Keeping patients in observation and thus in outpatient status avoids the risk that an inpatient claim might be denied at a future date.
Appeals from RAC claims increased 506 percent between 2012 and 2013, compared to growth of 77 percent in appeals of other types of claims. In an effort to reduce this backlog, in CMS offered partial payment of 68 percent to any hospital willing to withdraw its pending appeals of claims denied based on patient status.
Under current law and absent additional action by Congress or CMS, Medicare contractors will begin applying the two-midnight rule in making payment determinations and reviewing claims as of . Prior to that date, CMS has said it will evaluate the results of the “probe and educate” process and may issue additional guidance to ensure consistency in application of the two-midnight policy.
In the meantime, hospital associations are continuing to fight the rule. The AHA along with some state hospital associations have filed a lawsuit challenging the two-midnight rule in general and the 0.2 percent reduction in hospital payments in particular. The AHA also supported bills introduced during the last congressional session that would have required CMS to develop appropriate criteria for paying for short inpatient stays (HR 3698/S 2082) and that would reform the recovery audit process (S 1012).
MedPAC is already considering alternative policy options to address short inpatient stays and has emphasized the need to strike a balance between appropriate oversight of proper billing and administrative burden on Medicare providers. Options described at the MedPAC meeting included creating new MS-DRGs for short-stay cases, targeting RAC reviews to those hospitals with the highest rate of short-stay admissions, and revising the RAC contracts to take into consideration the percentage of denials that are overturned on appeal.
American Hospital Association, Issue Brief: RAC Auditing Reform Is Essential to Fix Urgent, Critical Problems (Washington, DC: American Hospital Association, ).
Centers for Medicare and Medicaid Services, Medicare Benefit Policy Manual: Chapter 6–Hospital Services Covered Under Part B (Baltimore, MD: CMS, revised ).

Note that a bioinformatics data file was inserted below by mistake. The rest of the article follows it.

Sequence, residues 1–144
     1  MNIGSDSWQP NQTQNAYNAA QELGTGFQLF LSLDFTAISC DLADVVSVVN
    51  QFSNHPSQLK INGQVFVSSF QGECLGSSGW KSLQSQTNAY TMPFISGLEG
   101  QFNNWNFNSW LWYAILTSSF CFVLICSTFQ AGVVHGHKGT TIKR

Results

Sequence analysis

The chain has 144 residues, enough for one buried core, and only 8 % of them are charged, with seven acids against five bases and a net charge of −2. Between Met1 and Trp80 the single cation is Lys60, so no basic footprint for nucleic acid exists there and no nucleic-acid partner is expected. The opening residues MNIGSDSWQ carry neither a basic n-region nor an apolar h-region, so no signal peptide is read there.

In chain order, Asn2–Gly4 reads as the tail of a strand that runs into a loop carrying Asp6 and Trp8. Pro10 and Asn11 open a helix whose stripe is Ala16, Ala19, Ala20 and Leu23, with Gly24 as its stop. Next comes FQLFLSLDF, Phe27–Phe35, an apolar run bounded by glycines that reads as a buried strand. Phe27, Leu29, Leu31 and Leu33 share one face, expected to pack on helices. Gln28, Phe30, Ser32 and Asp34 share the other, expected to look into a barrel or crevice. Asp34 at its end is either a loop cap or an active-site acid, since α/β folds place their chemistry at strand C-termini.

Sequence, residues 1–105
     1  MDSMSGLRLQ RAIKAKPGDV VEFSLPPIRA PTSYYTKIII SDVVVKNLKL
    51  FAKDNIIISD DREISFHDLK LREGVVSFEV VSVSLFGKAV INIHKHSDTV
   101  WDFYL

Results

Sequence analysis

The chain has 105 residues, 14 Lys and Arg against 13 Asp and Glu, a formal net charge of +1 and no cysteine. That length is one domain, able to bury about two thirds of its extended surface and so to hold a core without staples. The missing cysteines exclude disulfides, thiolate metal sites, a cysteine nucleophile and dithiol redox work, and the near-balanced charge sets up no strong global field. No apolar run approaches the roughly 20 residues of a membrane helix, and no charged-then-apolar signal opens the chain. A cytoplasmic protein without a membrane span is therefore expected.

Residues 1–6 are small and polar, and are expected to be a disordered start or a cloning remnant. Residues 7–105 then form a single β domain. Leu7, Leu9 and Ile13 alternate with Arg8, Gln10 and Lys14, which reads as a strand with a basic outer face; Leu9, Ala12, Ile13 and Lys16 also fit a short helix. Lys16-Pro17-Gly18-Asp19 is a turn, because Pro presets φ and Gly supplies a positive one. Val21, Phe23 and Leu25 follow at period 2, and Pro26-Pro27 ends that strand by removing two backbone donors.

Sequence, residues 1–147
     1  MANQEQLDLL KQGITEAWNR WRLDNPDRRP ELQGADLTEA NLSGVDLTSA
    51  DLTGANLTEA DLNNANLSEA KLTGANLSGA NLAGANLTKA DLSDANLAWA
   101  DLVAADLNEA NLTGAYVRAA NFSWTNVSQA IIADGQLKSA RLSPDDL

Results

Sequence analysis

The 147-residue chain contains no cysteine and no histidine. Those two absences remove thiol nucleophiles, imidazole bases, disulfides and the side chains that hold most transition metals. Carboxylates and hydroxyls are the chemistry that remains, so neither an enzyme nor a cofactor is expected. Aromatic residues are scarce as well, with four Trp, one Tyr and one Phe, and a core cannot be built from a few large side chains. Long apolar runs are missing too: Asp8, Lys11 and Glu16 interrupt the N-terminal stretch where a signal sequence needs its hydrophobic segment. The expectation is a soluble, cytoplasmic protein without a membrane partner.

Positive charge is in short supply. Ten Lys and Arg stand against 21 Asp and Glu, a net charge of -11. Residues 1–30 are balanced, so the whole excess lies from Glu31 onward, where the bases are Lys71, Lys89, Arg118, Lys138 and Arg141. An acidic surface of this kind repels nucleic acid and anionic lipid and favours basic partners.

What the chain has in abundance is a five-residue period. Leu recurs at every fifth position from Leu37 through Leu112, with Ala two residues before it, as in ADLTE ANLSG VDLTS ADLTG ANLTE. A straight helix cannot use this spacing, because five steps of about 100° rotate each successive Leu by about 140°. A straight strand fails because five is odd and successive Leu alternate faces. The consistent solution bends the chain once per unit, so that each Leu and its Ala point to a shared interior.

Office of Inspector General, Hospitals’ Use of Observation Stays and Short Inpatient Stays for Medicare Beneficiaries (Washington, DC: Office of Inspector General, ). Report No. OEI-02-12-00040.
About Health Policy Briefs
Payment for outpatient services. In contrast to the case-based payment for inpatient care, Medicare pays hospitals for outpatient care based on the services provided. Under the outpatient prospective payment system (OPPS), hospitals bill Medicare for the individual services rendered to https://hookupdate.net/escort-index/north-charleston/ a beneficiary during an outpatient visit. Under the OPPS, each outpatient service is assigned to a group of clinically similar services called an ambulatory payment classification (APC).
What’s the rule?
RACs may still review shorter inpatient stays to determine the appropriateness of inpatient admission but should take into consideration all of the time a beneficiary received care from the hospital, including time during which the beneficiary received emergency department or observation services as an outpatient.
The Medicare Payment Advisory Commission (MedPAC) puts the RACs’ actions and hospital response in context: “For several years the Commission has tracked the growth of observation cases and the shift of short-stay cases from the inpatient setting to the outpatient setting. We believe these trends reflect at least in part hospitals’ responses to the ambiguity of Medicare requirements for inpatient admission, coupled with underlying payment inequities between clinically similar inpatient and outpatient cases. These factors influenced Medicare’s Recovery Audit Contractors (RAC) and Medicare Administrative Contractors (MAC) to focus on the appropriateness of short inpatient stays. Their scrutiny led hospitals in turn to increase their use of observation status.”